I think this can be quite useful even if you’re just eyeballing things, or even just as an exercise to practice viewing your outfits through different lenses. In fact, I suspect that with just dots or text it will get quite overwhelming if you actually go through every single item in your wardrobe, so I would consider this more as a note-taking device and not something meant for a complete record. There’s probably an app or website out there somewhere that would let you easily make a chart with the dots labeled on mouseover, but your basic paint app or some markers is fine. Understanding how different elements in your clothing can intersect can help you decide which direction to shop in or tune your outfits even if you’re not out to do a grand survey of your closet.

Anyway, now I can show that while my stuff is generally pretty informal, it covers a wide spread from more low-key things like old tees and jeans to more dramatic things like puff sleeve gauze dresses and western boots.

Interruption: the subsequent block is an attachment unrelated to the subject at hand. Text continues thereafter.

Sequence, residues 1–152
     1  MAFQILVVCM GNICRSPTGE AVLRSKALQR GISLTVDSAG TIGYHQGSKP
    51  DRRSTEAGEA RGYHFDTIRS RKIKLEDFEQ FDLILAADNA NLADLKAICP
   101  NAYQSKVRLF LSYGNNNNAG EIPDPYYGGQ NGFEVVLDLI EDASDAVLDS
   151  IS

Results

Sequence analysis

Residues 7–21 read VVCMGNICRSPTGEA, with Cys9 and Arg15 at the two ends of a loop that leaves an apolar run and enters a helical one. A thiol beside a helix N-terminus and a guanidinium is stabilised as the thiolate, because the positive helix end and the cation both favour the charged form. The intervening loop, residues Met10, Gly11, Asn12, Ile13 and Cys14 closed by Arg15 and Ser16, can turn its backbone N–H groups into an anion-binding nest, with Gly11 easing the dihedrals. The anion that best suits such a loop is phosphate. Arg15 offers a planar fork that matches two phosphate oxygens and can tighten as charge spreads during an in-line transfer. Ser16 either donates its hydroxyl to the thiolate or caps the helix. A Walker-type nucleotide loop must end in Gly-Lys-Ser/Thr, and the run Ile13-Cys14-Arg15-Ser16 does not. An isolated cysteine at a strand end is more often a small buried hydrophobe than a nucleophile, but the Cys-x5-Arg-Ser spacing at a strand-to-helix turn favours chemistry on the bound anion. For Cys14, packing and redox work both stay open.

To further break things down, I can color the dots by clothing category and see how things overlap.

I think this in particular could be helpful if you’re trying to figure out how to reconcile different things in your closet. Maybe you have mostly formal and low-key shoes for work, plus a pair of sneakers, but you’ve also accumulated a stash of informal and slightly extra dresses that you impulse bought because your lizard brain told you to. You like those dresses as-is, but have trouble getting them to work in outfits. If buying informal/extra footwear isn’t in your future, shoes in an adjacent quadrant will likely still work with the dresses. You can think about whether more of your other clothes lie in extra/formal or informal/low-key to inform what kind of shoes you’ll look into so that they can work in other combos besides poofy dresses. (Yeah, I always use poofy dresses as examples, but I have a lot of poofy dresses and I’m always thinking about them.)